Municipal exempt non exempt

We have always had very few exempt positions.
In our public works department, we have sub divisions ie solid waste, streets, grounds
Two supervisors of divisions retired and were not replaced. Two others picked up their duties and were promoted to Manager. They have 10-15 people under them .
TPTB are arguing to make the exempt, based on title (I have told them that is not the deal)Frankly, I think they qualified for exempt as supervisors based on duties but we have always erred to the ee and allowed them to be non exempt.
Promoted ee's are now unhappy at prospect of becoming exempt b/c they will lose LARGE amounts of OT.
Life not being fair aside, am I missing anything here?
I think they would argue they do some (minimal) hands on in a crunch, in the field, subject to call back etc.


  • 5 Comments sorted by Votes Date Added
  • Generally speaking, there should be some advantages to being exempt, as part of the trade-off. They're giving up OT... are they gaining flexibility in their hours, for example? If not, then you may be okay within the law but you're laying the groundwork for a system in which no one ever wants to move up the ladder.
  • Sure they get more flexibilty but that is not money in the bank which has become the expectation. Management issue in my opinion. .

    Good point about it being a deterant (sp) to promotion.
  • Is the overtime pay a definite/guarantee every week as an hourly employee or is it only when necessary? Would their hourly rate of pay simply be adjusted to the same equivalent salary rate (such as $15 an hr X 40 hrs = $600 salary) or would they receive an increase in pay for accepting additional duties. I do not recall every “promoting” anyone to management/exempt from non-exempt when they did not receive an increase in pay. If the overtime dollars are significant, I can certainly see the problem you have.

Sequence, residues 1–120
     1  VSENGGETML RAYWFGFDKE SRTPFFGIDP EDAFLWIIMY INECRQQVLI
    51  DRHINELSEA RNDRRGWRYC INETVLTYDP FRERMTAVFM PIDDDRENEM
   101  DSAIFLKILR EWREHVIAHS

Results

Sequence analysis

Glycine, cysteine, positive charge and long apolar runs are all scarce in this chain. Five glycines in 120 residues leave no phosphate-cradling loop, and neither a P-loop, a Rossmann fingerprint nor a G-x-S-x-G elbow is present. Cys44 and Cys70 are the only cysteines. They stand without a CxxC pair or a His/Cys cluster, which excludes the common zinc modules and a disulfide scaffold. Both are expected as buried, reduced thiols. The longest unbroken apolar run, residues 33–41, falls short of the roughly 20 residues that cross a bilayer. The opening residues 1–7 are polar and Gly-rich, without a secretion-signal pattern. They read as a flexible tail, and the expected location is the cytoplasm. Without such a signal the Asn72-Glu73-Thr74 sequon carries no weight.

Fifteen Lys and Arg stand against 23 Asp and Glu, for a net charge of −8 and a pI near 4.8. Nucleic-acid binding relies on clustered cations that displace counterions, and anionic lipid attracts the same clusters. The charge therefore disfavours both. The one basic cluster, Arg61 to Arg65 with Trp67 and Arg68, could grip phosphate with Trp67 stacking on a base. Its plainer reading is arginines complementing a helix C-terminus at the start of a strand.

• As a supervisor it was "as needed". When they were promoted, they did recieve a nice increase HOWEVER it still wasn't as much as they had been pulling on OT. None of this, of course was brought to my attention until after they were promoted and became upset at the prospective of losing the OT.

    It has long been a peeve of mind that ee's come to count on OT when in fact they should live their lives and budgets as if they didn't get it and when they do count it as icing on the cake.
  • Even if you do live within your budget for 'regular' hours, if you are used to getting that icing on the cake it will go towards other things...trips, retirement, whatever. You will notice when it is gone. It has been my experience that supervisors, regardless of the field, expect to earn more than their subordinates. For that comparison they will look at weekly earnings and W2s. Since they probably know what their former co-workers are making, they are most likely aware that they themselves are taking home less. That is the real 'bee in the bonnet' I am sure. It is just not as easy to complain about.
Sign In or Register to comment.